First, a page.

recipe.pyimport prodigy
from prodigy.components.loaders import JSONL

@prodigy.recipe("custom-recipe")
def custom_recipe(dataset, source):
    stream = JSONL(source)

    def update(answers):
        print(f"Received {len(answers)} answers!")

    return {
        "dataset": dataset,
        "source": source,
        "update": update,
        "view_id": "text"
    }

Command-line usage

prodigy custom-recipe your_dataset ./data.jsonl -F recipe.py

Read the custom recipes docs


Glossary

In the documentation, you’ll come across a variety of terms specific to collecting annotations with Prodigy. Here’s a quick overview of the most common ones, including a short description and links for more information.

TermDescription
annotation taskA single question you’re collecting feedback on from the annotator. For example, whether an entity is correct or whether a label applies to a text. Internally, annotation tasks are simple dictionaries containing the task properties like the text, the entity spans or the labels. Annotation tasks are also often referred to as “(annotation) examples”.
annotation interfaceThe visual presentation of the annotation task. For example, text with highlighted entities, text with a category label, an image or a multiple-choice question. In the code, this is also often referred to as the view_id. See here for an overview of available options.
datasetA named collection of annotated tasks. A new dataset is usually created for each project or experiment. The data can be exported or used to train a model later on.
sessionA single annotation session, from starting the Prodigy server to exiting it. You can start multiple sessions that add data to the same dataset. The annotations of each sessions will also be stored as a separate dataset, named after the timestamp. This lets you inspect or delete individual sessions. As of v1.7, Prodigy also supports named multi-user sessions.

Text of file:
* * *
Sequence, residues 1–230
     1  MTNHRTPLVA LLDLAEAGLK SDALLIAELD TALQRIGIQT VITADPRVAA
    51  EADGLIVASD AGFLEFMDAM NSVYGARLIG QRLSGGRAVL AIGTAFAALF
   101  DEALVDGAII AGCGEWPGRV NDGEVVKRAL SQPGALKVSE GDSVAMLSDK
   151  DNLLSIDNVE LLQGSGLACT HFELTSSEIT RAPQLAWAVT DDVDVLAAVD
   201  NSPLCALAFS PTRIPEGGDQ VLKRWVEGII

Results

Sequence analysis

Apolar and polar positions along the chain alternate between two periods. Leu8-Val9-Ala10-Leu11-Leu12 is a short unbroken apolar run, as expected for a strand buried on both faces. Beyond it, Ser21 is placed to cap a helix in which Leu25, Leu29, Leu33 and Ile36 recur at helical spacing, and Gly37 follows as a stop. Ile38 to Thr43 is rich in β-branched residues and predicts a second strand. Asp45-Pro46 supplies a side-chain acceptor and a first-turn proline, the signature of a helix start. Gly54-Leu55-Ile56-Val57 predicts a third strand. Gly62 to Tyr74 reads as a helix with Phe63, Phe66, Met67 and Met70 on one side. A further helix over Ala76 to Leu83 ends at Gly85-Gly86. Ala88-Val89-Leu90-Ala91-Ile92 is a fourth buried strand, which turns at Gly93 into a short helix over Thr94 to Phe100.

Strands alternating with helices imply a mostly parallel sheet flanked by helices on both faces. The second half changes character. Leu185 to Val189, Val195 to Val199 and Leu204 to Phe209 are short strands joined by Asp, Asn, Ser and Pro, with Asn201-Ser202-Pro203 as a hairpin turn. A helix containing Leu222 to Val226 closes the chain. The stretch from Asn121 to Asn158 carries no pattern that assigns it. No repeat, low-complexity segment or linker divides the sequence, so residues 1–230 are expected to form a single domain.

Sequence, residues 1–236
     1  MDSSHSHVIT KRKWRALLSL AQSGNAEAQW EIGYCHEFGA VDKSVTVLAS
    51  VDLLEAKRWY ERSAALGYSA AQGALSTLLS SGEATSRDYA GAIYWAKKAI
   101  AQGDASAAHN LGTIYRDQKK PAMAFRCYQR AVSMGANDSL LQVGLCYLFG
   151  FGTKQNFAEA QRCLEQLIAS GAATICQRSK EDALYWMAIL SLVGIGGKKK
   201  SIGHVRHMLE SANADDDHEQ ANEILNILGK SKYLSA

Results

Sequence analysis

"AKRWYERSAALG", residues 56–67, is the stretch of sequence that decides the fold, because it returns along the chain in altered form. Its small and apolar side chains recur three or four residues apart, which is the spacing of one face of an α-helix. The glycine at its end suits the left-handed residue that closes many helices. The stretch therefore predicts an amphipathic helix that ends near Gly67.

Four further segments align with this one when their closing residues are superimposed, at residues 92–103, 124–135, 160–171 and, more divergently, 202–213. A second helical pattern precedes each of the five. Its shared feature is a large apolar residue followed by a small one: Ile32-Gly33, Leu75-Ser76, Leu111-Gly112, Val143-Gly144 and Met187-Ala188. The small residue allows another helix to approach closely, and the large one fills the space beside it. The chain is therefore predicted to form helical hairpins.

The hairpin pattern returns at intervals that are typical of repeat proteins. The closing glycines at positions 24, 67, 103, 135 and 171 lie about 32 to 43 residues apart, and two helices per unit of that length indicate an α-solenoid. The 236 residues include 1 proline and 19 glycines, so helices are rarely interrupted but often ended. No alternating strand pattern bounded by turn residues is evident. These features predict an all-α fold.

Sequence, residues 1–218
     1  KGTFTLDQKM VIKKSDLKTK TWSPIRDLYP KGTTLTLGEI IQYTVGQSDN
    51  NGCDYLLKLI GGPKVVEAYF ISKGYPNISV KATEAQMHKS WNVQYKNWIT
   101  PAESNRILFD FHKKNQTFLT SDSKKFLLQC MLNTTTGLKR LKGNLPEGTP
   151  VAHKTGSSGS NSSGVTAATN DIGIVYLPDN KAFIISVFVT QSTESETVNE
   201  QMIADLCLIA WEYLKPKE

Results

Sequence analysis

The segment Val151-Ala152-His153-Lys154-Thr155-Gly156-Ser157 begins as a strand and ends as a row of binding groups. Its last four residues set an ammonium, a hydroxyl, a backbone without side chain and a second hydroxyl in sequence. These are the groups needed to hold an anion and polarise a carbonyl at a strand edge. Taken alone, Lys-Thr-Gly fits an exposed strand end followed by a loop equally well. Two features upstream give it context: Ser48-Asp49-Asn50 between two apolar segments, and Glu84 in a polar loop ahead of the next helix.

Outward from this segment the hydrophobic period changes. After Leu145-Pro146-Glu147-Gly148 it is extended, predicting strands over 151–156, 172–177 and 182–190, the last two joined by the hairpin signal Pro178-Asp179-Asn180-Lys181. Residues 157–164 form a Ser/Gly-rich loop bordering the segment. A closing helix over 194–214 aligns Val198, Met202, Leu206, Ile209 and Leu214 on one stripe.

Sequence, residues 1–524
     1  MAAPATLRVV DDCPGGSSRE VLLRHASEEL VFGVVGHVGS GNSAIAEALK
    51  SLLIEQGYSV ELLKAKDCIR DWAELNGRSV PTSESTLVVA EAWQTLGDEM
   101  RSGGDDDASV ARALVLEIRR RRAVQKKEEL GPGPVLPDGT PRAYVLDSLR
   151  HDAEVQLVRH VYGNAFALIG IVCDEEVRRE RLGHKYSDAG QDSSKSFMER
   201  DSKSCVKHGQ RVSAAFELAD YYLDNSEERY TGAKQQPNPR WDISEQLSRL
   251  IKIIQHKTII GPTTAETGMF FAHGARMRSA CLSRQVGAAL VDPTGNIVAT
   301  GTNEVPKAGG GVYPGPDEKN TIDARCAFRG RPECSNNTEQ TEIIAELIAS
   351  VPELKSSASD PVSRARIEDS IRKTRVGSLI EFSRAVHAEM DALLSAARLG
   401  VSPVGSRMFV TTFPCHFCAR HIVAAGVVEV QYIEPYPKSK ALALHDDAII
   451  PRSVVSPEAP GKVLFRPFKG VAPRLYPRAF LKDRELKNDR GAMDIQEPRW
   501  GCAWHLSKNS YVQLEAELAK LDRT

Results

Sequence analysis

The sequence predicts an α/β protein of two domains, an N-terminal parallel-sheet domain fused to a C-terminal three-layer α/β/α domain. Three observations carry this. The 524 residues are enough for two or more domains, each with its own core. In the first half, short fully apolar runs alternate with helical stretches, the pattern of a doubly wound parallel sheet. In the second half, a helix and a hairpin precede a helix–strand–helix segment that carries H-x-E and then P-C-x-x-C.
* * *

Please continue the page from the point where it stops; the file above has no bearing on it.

databaseThe storage backend used to save your datasets. Prodigy currently supports SQLite (default), PostgreSQL and MySQL out-of-the-box, but also lets you integrate custom solutions.
recipeA Python function that can be executed from the command line and starts the Prodigy server for a specific task – for example, correcting entity predictions or annotating text classification labels. Prodigy comes with a range of built-in recipes, but also allows you to write your own.
streamAn iterable of annotation tasks, e.g. a generator that yields dictionaries. When you load in your data from a file, Prodigy will convert it to a stream. Streams can be annotated in order, or be filtered and reordered to only show the most relevant examples.
loaderA function that loads data and returns a stream of annotation tasks. Prodigy comes with built-in loaders for the most common file types and a selection of live APIs, but you can also create your own functions.
sorterA function that takes a stream of (score, example) tuples and yields the examples in a different order, based on the score. For example, to prefer uncertain or high scores. Prodigy comes with several built-in sorters that are used in the active learning-powered recipes.
task / input hashesHash values assigned to each incoming annotation task that let Prodigy determine whether two tasks are identical, completely different or different questions about the same input (e.g. the same text with different suggested labels). See the docs on hashing for more info.
spaCy modelOne of the available model packages for spaCy. Models can be installed as Python packages and are available in different sizes and for different languages. They can be used as the basis for training your own model with Prodigy.
active learningUsing the model to select examples for annotation based on the current state of the model. In Prodigy, the default selection is usually based on examples the model is most uncertain about, i.e. the ones with a prediction closest to 0.5.
(batch) trainingTraining a new model from a dataset of collected annotations. Using larger batches of data and multiple iterations usually leads to better results than just updating the model in the loop. This is why you usually want to collect annotations first, and then use them to batch train a model from scratch.
gold-standardReference annotations for a model to learn from, or be evaluated against. Note that a “gold-standard” isn’t always completely correct: it could have known missing information, or you could believe that some of the annotations might be incorrect.